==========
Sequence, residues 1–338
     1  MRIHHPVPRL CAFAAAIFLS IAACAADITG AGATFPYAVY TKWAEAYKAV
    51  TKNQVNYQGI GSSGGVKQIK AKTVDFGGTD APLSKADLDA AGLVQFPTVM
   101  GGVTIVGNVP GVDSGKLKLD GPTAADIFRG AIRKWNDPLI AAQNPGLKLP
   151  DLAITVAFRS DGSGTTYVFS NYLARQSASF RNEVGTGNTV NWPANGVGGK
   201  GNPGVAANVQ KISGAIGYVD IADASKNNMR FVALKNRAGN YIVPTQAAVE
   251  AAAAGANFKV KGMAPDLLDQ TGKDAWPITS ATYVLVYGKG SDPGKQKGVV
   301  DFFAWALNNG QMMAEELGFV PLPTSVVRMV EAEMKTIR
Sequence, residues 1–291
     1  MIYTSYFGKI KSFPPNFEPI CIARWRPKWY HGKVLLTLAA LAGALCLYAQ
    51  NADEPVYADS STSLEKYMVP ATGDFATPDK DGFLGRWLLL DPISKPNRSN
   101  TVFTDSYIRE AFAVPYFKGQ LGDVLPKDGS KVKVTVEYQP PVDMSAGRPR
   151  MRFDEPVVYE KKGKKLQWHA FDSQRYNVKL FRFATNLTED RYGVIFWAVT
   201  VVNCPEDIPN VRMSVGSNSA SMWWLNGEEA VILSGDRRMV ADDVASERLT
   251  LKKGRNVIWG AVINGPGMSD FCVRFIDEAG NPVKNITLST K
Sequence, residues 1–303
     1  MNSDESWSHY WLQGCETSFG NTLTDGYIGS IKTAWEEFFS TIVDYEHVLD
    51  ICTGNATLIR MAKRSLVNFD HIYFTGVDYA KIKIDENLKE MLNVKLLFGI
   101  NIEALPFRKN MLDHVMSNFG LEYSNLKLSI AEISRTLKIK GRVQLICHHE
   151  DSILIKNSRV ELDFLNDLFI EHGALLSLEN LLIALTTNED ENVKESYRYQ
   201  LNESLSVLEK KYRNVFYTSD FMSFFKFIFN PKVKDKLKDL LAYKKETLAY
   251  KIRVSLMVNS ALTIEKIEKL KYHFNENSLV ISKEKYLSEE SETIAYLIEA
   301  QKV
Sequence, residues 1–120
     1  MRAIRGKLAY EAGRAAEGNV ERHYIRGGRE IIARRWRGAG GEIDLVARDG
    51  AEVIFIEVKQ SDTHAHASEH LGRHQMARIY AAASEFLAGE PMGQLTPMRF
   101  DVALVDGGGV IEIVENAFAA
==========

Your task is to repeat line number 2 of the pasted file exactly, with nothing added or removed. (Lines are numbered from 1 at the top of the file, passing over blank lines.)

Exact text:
     1  MRIHHPVPRL CAFAAAIFLS IAACAADITG AGATFPYAVY TKWAEAYKAV